Alberto Giacometti, Suspended Ball, 1930–31, plaster, metal, 23 7/8 × 14 × 14 1/4". © Alberto Giacometti Estate/Licensed by VAGA and ARS, New York.



Tate Modern
May 10–September 10, 2017

Curated by Frances Morris and Catherine Grenier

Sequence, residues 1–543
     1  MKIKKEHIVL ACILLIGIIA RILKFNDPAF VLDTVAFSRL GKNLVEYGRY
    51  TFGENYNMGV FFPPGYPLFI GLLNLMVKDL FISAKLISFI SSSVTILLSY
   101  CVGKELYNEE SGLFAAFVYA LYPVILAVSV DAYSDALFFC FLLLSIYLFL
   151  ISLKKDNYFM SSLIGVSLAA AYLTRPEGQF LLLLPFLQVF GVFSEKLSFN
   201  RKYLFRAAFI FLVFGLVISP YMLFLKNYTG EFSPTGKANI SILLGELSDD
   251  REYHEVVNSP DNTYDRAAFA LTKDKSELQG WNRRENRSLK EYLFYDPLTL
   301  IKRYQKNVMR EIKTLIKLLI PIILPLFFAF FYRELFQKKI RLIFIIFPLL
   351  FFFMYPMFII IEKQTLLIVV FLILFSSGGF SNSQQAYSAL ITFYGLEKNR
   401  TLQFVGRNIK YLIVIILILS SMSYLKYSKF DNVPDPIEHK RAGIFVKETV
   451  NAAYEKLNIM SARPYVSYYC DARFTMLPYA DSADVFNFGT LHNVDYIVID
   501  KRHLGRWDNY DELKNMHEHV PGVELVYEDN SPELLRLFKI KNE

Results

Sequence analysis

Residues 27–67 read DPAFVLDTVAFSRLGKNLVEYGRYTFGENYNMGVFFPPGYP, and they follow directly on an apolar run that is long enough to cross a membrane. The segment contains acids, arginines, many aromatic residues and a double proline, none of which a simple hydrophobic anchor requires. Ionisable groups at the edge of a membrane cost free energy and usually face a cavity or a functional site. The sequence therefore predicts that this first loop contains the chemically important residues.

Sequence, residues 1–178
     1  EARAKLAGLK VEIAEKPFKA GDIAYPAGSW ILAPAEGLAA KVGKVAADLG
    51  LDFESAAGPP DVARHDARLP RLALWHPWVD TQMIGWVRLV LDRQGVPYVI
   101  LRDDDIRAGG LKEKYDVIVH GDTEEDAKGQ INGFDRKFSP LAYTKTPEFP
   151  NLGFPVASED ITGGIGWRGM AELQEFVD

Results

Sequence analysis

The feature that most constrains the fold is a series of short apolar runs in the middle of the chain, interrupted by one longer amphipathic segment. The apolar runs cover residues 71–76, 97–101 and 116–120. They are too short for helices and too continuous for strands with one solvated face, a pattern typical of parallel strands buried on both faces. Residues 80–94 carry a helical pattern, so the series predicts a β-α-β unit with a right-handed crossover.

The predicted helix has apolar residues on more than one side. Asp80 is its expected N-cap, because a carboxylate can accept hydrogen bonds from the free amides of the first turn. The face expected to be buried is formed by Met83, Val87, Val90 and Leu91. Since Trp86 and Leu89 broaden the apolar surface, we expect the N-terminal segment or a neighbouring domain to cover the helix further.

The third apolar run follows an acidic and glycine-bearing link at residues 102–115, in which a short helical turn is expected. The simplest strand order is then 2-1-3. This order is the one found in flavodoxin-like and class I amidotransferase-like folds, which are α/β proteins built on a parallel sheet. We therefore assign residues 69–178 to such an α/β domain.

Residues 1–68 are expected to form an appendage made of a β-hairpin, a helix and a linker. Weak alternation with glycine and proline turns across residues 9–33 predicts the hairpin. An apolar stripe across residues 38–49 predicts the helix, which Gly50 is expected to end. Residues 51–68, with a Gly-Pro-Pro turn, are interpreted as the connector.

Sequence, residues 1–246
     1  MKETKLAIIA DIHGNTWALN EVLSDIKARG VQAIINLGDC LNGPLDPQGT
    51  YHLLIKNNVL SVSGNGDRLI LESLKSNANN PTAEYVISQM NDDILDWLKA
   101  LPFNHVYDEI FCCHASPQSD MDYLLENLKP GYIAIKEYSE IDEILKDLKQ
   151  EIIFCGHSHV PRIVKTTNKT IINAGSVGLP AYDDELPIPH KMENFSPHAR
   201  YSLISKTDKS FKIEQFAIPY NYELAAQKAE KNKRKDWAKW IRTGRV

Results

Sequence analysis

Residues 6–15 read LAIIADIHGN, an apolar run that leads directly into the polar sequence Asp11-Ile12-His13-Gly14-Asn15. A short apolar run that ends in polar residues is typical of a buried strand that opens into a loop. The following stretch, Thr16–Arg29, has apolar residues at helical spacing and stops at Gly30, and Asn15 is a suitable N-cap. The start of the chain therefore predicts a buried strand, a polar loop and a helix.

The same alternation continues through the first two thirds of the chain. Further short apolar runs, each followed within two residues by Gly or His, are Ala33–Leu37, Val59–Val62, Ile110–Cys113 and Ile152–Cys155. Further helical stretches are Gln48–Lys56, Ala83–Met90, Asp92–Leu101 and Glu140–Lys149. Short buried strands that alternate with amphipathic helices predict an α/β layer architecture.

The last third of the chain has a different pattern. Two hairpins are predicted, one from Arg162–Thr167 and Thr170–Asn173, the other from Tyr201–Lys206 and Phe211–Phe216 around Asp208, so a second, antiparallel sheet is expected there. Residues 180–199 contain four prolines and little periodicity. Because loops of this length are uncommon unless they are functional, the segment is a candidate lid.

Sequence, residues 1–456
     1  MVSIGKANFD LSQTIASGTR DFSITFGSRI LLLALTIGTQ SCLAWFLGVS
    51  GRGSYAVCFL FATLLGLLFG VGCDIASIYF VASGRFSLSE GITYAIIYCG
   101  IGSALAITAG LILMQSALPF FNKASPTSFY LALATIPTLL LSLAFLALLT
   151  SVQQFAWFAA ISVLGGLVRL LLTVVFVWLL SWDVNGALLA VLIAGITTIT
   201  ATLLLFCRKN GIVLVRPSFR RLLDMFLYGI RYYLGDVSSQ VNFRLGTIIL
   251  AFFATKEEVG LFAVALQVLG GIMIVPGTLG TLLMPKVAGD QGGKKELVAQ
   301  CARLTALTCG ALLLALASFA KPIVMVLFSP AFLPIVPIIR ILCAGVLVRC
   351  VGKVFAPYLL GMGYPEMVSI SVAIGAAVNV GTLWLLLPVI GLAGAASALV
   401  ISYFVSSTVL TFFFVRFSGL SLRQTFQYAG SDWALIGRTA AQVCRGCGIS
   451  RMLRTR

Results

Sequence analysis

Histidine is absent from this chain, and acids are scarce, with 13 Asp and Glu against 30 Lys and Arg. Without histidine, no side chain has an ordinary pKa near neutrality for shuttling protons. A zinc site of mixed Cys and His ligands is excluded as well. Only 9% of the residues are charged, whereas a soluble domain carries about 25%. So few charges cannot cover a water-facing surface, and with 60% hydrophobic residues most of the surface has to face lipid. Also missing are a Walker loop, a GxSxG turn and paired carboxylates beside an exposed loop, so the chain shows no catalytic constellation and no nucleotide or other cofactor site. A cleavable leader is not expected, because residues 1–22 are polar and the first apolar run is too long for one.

The crucial place of Alberto Giacometti in the history of modern sculpture was confirmed at the Venice Biennale in 1956, where he showed six tall female bronzes called Femmes de Venise, after the city of their first exhibition. The fragile plasters for these instantly famed figures will be seen together for the first time in sixty years at Tate Modern’s immense survey of more than 250 works of sculpture, drawing, and book illustration. The Femmes de Venise were first executed in clay, then cast in plaster and further reworked with knives, brushes, and paint (often as thin red and black lines dug into the surface), leading to a further skein of structure (traceries lost in their final bronze incarnations). Still, Giacometti’s scraped and scratched graphic addenda (present in other works) were seen as a new strategy for depicting a realistic world while honoring what was then deemed most philosophically pertinent—the Existential.